Look at the figure below:
In the figure above, one man A exerting a force F⃗A-B on the cart B is shown. At the same time, the cart B exerts an equal but opposite force - F⃗B-A on the man. The sign minus of the force exerted by the cart on the man stands for the direction; it represents the opposite direction to the positive force exerted by the man on the cart.
The one million dollar question arisen here is: "Since the action force and the reaction that stems from this action are always equal and opposite, why they are not balanced? Why when we push a box, it moves away but we remain at rest?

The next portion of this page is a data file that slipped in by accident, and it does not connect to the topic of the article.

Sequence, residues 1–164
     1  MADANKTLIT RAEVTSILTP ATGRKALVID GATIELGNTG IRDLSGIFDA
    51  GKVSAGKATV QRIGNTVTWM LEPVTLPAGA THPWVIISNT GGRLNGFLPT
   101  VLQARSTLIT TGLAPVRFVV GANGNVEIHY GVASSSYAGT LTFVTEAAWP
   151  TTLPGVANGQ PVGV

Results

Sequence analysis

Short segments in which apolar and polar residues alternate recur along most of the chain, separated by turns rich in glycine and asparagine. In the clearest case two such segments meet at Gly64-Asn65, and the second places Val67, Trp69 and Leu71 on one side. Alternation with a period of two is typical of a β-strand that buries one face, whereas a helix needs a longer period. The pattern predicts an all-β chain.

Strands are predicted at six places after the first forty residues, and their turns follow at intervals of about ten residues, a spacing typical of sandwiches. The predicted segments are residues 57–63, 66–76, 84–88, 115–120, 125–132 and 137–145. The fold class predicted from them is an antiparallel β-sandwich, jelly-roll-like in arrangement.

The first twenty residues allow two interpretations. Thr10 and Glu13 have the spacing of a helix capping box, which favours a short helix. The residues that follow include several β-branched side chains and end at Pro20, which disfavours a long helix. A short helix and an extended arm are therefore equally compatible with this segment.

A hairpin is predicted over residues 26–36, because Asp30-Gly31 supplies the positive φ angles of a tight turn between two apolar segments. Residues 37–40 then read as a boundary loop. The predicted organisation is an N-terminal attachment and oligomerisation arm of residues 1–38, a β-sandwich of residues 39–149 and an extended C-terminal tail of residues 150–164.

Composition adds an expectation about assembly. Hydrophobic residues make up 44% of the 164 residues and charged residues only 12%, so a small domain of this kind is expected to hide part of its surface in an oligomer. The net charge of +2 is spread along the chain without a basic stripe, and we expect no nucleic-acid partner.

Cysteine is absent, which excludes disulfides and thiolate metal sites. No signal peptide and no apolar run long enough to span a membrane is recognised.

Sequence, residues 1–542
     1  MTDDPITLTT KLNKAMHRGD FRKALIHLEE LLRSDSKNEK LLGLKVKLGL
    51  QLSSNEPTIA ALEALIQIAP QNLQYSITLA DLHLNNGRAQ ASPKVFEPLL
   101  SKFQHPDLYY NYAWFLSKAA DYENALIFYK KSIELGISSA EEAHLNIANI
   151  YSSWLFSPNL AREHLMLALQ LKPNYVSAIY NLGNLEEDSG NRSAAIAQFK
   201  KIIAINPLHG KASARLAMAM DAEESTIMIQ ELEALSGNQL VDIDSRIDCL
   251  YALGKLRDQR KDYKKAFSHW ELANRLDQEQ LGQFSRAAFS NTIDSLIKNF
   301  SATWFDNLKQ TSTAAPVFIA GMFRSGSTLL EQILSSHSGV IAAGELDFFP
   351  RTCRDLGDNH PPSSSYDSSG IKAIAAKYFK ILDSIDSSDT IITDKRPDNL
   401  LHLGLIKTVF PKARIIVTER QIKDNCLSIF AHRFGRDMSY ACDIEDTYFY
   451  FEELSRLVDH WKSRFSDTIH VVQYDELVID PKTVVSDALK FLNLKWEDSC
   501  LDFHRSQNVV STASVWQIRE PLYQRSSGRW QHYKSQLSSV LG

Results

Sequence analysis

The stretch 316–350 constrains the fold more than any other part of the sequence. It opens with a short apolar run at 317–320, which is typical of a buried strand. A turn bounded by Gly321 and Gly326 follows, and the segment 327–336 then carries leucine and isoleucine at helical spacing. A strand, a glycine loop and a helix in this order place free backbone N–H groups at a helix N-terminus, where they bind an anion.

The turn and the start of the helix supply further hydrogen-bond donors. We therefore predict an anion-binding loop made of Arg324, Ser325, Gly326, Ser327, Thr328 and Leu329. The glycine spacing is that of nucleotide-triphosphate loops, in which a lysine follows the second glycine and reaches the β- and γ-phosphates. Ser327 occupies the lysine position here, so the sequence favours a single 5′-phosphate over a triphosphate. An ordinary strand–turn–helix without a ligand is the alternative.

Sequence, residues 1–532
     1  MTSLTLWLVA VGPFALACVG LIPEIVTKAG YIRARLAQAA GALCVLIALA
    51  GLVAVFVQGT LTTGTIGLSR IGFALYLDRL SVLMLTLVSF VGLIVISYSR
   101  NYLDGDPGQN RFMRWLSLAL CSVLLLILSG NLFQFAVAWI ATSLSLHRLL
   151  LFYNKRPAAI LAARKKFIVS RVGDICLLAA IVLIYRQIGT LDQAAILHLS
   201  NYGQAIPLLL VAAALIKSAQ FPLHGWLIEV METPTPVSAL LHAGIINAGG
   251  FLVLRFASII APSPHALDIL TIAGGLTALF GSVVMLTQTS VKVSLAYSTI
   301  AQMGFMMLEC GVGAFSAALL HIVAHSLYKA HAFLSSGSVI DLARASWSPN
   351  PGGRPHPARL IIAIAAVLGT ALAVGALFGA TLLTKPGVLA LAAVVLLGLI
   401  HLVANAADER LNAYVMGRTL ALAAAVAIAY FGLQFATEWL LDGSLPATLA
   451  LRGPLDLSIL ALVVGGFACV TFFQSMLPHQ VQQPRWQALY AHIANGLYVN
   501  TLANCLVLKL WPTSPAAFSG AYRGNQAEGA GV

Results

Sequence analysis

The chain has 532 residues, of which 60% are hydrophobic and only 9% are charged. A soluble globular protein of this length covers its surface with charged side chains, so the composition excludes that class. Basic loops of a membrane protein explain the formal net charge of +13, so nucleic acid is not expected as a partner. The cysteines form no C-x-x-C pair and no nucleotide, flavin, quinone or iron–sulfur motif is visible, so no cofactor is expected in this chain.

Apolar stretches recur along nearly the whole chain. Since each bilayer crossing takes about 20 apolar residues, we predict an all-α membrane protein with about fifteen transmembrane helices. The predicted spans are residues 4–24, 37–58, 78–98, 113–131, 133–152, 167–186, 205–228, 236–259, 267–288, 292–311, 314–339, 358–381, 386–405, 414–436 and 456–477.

The answer is: "Because action and reaction forces do not act on the same object and therefore, they cannot be balanced. Remember from the previous tutorial "Newton's Second Law of Motion" that two forces are balanced when they are equal and opposite and they act at the same object, so that the resultant force is zero. In the action-reaction principle (Newton's Third Law of Motion) it is different; there are two forces acting at two different object (FA-B and FB-A). Therefore, they cannot be balanced as the Newton's Second Law of Motion is applied for each object separately. As a result, the accelerations these forces cause depend on the masses of the objects involved, as the forces are equal. In few words, despite the action and reaction forces are equal in magnitude, they cause different effects in the objects they act (more precisely, in their acceleration) because these objects have different masses.